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Bringing over from general board/help diagnosing and improving dyslexia


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Many of you gave me great advice on the general board. Claire recommended that I bring this over here. Dd is 15 and dyslexic. From my post on the general board I was advised how important it is to get a proper diagnosis for her. How do I go about finding the correct professional to make this diagnosis? What other recommendations do you have for helping with her written work and specifically her spelling. We did work with an Orton-Gillingham tutor for about 2 years and this helped tremendously. Some additional information that I did not include is that I'm pretty sure she has some sensory integration issues, also. She hates music and loud noises. Classroom settings make it very difficult for her to concentrate.

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For a diagnosis of dysgraphia, you really need a neuro-psychologist. Do you have medical insurance? If so, I would call your insurance company, explain that your dd needs a complete neuro-psychological evaluation, and see what they say.


Someone else mentioned that the diagnosis is important for ACT and SAT (college board testing). This is true, but a diagnosis alone is *not* enough to get accommodations for these tests. There has to be a long paper trail of documentation that the disorder requires accommodations. Even schools are having trouble providing enough documentation to satisfy college board requirements. Homeschoolers have even less chance of getting these accommodations. My dd tests okay on multiple choice tests and we live in an area where the ACT is preferred over the SAT (ACT does not require the essay), so I'm not even trying for accommodations on the college boards. If your dd can pass a basic entrance test into community college, an easier route to a four-year degree is to take community college courses for two years and then transfer to a four-year college. ACT or SAT are highly likely not to be required then.


There were only two programs that helped my dd with spelling. The first was Sequential Spelling from Avko. Since your dd is 15yo, you would probably want to get their 2-book "adult" series if you decide to try this program.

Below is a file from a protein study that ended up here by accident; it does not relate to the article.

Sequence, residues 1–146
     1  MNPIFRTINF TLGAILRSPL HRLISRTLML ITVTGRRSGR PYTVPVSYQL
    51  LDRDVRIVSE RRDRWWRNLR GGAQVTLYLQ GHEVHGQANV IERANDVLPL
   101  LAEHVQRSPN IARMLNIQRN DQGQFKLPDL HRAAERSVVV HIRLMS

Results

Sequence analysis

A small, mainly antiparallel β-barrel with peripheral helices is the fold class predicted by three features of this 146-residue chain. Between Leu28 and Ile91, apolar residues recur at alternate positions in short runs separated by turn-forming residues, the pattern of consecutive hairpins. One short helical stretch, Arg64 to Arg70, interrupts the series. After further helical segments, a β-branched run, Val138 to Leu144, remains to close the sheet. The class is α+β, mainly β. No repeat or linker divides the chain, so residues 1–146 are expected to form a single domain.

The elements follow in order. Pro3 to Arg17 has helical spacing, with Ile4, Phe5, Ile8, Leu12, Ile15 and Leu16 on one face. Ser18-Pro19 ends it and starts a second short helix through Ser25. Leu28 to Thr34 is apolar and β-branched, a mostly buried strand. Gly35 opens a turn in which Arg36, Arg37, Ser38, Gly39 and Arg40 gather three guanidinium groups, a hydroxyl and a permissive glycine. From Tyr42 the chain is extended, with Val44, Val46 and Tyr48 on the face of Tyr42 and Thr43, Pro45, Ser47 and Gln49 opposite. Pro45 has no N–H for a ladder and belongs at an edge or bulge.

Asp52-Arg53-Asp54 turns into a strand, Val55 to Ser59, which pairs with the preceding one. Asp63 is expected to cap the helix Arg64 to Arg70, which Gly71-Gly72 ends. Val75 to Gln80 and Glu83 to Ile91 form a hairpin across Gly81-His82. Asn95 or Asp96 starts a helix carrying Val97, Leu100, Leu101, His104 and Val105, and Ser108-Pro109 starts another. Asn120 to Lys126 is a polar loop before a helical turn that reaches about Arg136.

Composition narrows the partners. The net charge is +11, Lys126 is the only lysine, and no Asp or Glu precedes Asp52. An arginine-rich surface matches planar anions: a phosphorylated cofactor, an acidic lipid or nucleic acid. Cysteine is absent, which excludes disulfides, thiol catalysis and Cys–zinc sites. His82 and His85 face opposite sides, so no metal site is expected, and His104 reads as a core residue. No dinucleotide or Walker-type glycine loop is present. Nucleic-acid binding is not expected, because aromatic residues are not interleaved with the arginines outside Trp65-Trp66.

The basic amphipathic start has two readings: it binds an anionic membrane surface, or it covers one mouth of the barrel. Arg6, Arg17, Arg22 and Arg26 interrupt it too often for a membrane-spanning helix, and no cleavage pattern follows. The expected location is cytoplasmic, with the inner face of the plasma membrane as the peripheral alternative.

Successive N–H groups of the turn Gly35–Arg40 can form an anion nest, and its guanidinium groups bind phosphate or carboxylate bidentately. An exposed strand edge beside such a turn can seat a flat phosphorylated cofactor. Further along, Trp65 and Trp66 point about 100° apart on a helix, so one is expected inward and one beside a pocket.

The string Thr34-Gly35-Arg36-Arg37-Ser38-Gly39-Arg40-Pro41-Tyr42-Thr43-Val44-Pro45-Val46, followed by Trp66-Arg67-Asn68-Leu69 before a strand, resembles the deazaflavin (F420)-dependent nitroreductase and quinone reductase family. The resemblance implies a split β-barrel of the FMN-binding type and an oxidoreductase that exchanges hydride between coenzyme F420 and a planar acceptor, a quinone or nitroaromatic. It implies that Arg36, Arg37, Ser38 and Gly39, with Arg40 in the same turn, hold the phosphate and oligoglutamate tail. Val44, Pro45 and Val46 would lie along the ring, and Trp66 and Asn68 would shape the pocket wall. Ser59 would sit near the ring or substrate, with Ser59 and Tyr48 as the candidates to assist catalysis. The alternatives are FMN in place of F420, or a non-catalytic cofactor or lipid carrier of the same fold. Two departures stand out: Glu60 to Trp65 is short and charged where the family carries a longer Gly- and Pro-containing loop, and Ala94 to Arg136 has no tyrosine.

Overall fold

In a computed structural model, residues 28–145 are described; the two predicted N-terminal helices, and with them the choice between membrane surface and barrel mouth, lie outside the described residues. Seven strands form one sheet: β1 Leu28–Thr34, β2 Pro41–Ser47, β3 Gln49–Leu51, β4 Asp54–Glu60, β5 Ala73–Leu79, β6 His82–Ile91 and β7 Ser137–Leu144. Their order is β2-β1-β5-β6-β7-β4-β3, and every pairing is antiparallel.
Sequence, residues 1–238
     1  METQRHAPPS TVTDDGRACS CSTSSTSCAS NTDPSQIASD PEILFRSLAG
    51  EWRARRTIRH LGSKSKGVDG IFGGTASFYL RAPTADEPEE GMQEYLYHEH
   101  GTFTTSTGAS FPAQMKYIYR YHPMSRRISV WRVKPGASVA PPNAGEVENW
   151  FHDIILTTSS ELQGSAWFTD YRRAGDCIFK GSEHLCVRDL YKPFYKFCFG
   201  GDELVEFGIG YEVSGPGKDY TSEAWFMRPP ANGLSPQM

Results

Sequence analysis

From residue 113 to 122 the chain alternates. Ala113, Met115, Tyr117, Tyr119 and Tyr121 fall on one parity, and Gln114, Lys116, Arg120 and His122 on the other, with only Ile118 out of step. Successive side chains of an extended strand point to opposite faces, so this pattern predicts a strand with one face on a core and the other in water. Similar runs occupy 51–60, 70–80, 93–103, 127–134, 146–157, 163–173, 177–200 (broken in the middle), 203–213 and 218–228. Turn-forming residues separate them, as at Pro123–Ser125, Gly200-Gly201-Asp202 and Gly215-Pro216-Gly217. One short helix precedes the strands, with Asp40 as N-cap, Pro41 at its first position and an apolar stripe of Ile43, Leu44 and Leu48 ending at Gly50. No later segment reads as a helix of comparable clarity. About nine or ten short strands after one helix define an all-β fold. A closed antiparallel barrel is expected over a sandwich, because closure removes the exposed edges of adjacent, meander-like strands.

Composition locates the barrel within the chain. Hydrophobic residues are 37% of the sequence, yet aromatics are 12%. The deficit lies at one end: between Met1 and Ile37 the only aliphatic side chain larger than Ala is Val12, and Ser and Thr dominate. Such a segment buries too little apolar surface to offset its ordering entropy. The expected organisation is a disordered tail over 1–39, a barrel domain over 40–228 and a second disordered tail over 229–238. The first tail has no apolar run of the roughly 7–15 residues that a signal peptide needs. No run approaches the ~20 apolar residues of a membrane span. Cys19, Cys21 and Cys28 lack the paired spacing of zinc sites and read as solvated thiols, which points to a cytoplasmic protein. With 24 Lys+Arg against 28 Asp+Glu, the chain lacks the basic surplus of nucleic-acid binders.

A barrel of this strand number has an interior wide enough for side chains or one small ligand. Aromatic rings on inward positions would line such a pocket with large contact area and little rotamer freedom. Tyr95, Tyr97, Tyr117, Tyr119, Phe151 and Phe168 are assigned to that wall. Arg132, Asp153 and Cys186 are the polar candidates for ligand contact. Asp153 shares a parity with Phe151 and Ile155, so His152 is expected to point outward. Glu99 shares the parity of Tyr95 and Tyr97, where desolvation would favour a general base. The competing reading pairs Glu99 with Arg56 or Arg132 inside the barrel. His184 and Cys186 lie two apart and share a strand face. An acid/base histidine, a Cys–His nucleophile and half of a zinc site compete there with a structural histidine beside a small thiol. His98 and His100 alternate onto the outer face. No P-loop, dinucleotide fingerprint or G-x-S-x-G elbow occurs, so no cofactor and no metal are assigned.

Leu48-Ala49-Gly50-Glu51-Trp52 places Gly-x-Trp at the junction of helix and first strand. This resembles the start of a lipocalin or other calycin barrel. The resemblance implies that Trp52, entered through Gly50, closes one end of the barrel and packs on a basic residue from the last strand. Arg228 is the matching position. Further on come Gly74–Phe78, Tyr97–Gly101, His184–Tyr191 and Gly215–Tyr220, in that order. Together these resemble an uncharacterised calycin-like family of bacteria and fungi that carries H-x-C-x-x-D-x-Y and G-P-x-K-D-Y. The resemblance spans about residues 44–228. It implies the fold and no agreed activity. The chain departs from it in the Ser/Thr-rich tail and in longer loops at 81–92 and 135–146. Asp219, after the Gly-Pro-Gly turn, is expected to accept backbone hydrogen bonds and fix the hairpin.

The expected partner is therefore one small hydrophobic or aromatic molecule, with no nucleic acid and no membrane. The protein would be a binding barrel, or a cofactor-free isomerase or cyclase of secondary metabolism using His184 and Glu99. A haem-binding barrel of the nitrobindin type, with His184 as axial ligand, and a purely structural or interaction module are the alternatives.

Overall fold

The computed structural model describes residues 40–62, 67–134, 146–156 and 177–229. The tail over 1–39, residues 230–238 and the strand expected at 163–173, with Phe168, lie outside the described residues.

The other program that really helped was Spelling Through Morphographs. STM was specifically designed as a remedial program for middle and high schools students, and some colleges use it for their remedial spelling course. There is an online placement test for STM that you can find by Googling "Spelling Through Morphographs" "placement test". Have your dd take it to see whether you should start with Sequential Spelling or with STM. The downside of STM is its cost, almost $300 with shipping. You *must* have the Teacher's Guide for this program because all of the scripting is in it. You also need a student workbook.


Is your dd keyboarding? Many dysgraphics have difficulty acquiring keyboarding skills, and my dd had this difficulty. Quite a few programs did not work for her. The one program that finally did work for her was Keyboarding Skills by Diana Hanbury King. This is not a computer-based program. Until you are sure your dd types using the correct fingers, I highly recommend watching her during her lessons until correct finger placement is established.


Has your dd ever had an occupational therapy evaluation? If her only issue is loudness of sounds, then TLP is a program that you can do at home. This program has a good track record with normalizing responsiveness to sound frequencies. However, it uses classical music (through headphones) as its delivery system. Your dd would need to be able to tolerate listening to his music (can be on a very low volume) for 15 minutes a day to be effective. Cost is around $350.


My dd has difficulty working in a classroom setting. She started public high school in 9th grade, and that first year she noticed that she missed a lot of information that her classmates acquired naturally. She still has difficulty picking up information in the classroom setting, but now that she is a junior she has acquired a lot of compensation skills that help. She's still not great, but she can get by. Among other things, she now makes sure that she writes down assignments, test dates, etc. and also makes sure she checks with classmates about what is expected on upcoming tests. (That first year she spent a lot of time studying things that weren't on the test! And not studying things that *were* on the test!)

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Your attention to detail and your passion for helping your dd come through so clearly in your posts. You know her so well, and that knowledge will help tremendously when you go to have her tested. The tester should interview you at length and also have you fill out several evaluation forms, both as her parent and as her teacher, to help round out the tester's picture of her performance and to separate out any other issues. Our tester wanted to ensure that she knew if there were behavioral or psych issues that would skew her results. But back to my point, being a mom to a child with difficult issues is very taxing. Congratulate yourself for all the ways in which you have supported and enabled her to get to where she is now! :)